“There were always a lot of naysayers going, ‘Why are we screwing around with something so small?’ And what I would always tell people at Anheuser-Busch is to consider this an insurance policy. If the craft segment dies out, we made these small investments and had very little headache and in the meantime we’ve brought to our wholesalers a product that we cannot by definition bring them. They’re our partners, they’re largely exclusive, and we owe our wholesaler family products in every segment in order to compete. So it was a win win win. For very little risk, we were able to check a lot of boxes.”
All of this makes sense, right? But why not buy them outright? This is what AB would ultimately decide to do, so why fiddle around with minority investments in breweries whose production was a rounding error in St. Louis? It goes back to that market research about which beer customers were willing to buy, and AB's failure to sell their own brands. Short explains:
“It was a consideration, but remember the problem we were trying to solve for: at the time, what we believed was that we had this situation where the consumer viewed products from large breweries differently than they viewed them from craft brewers, so by taking minority stakes we were able to effectively claim—and it was true, of course—that, look: we’re not running the company. These are still craft brewers. These are still true craft brewers, and all of the romance and consumer perception and benefit that comes with being small craft was maintained. That was the whole premise. If we buy a majority of the company, then those consumers are going to look at them as though they sold out, they’re big beer now, and we’ll lose a large segment of the consumer base. That was the cornerstone of the strategy; it was anchored in that belief.”
There was a competing theory about why AB got involved in Redhook and Widmer--a darker one. Steele describes it.
“The thinking was, ‘We’re going to get into this category and we’re going to kill it.’ I remember sitting in a meeting and I was talking about a beer and how great it was and I was frustrated with the marketing department and I said why the heck don’t we want to sell it? People at the Great American Beer Festival said it was the best beer we had at the table. It’s a guaranteed winner. And a guy pulled me out the meeting and goes, ‘You know, we don’t want to grow this category.’ I’m like, “What are you talking about?’ And he said, ‘We don’t want to grow this category; we want to [get] to the point where our beers take over the rest of them and the rest of them go away.’ And certainly that was the way Anheuser Busch operated in other categories like ice beer and back then the ackaged-draft beer and things like that. That was AB’s tactic, to let someone else do it first and then swoop in with their own thing and eventually knock it back to the point where Budweiser was still the king of beers. That was the AB process at the time.”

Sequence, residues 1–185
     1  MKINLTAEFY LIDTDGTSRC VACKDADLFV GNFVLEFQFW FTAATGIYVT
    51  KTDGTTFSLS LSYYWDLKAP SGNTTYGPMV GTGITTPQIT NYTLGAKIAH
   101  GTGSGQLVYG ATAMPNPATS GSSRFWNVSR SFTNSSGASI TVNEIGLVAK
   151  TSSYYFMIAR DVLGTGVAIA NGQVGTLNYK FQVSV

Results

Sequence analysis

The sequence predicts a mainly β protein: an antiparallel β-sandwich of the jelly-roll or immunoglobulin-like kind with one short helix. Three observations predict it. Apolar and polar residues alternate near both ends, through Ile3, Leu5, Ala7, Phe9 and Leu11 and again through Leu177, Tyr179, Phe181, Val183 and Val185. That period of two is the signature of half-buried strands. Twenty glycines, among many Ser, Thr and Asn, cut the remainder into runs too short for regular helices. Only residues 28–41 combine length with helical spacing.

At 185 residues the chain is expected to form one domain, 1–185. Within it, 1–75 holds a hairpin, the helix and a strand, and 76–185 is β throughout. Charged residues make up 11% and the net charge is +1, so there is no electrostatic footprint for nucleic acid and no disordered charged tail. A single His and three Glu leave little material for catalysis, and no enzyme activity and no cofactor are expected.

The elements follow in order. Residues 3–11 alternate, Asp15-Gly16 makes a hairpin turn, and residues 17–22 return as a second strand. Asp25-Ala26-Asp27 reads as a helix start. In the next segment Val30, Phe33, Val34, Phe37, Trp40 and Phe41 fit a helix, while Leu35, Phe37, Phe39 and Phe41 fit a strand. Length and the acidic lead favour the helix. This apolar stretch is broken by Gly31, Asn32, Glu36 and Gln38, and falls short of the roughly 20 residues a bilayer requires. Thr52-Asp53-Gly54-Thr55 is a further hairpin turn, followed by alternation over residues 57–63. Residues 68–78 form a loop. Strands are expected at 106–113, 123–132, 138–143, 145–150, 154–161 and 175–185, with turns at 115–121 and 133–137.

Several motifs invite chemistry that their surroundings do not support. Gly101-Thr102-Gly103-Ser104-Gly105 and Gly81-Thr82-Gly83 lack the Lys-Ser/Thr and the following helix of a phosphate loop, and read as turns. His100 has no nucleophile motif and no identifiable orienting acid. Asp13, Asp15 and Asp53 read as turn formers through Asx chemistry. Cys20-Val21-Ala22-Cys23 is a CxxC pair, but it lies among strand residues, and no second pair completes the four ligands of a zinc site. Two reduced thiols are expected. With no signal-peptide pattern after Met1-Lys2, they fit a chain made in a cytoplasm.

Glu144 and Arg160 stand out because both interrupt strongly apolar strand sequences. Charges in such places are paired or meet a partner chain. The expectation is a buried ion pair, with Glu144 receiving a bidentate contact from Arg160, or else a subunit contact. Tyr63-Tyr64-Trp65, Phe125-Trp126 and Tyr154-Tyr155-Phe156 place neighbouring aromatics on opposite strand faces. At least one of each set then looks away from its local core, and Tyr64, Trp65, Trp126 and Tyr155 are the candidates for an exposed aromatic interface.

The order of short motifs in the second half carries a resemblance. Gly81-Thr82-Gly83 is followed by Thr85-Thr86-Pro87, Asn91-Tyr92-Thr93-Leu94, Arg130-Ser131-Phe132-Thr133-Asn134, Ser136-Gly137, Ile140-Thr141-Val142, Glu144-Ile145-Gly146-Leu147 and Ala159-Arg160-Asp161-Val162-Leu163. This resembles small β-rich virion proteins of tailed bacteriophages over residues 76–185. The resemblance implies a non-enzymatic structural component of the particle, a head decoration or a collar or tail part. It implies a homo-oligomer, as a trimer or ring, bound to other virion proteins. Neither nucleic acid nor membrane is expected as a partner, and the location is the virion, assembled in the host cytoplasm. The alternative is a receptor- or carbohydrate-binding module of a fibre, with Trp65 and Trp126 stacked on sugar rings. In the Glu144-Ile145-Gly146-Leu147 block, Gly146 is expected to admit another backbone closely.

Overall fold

That view--one of many at the company, didn't pan out. Craft was growing, and Short's notion of an insurance policy benefited AB far more than trying to kill the category--which Steel acknowledged:
“In all fairness, I think that’s changed. I think it changed a little bit with the Redhook/Widmer deals, because I think they recognized that a well-made craft beer had potential to be a growth vehicle for the beer business.
Of course, AB ultimately learned that ownership didn't matter. Locally, some people in Seattle and Portland did consider Redhook and Widmer sell-outs, but it didn't affect sales. AB learned that ownership really doesn't matter; people don't track who owns which breweries, so long as they have a local plant and look independent. It may seem incidental now, but recall that Goose Island was AB's first wholesale acquisition. And Goose Island was, at the time, part of the collective company Widmer and Redhook formed called Craft Brew Alliance. AB's first outright purchase came inside the AB family of craft breweries.
As the experiment went along, Widmer and Redhook learned a lot from AB, particularly about technical issues and quality assurance. Anheuser-Busch, for it's part, also learned a lot about craft. This was one element of the deal neither Short nor Steele mentioned: in buying minority stakes in Redhook and Widmer, AB got a front row seat at the craft show. They learned quite a bit about how to package and sell craft, and that, given a second round of purchases, it was a whole lot easier just to buy breweries lock, stock, and barrels. Which, of course, is the future in which we now live. Twenty years ago, that approach wasn't so obvious--it took Anheuser-Busch's experience with Redhook and Widmer to lead them to this point.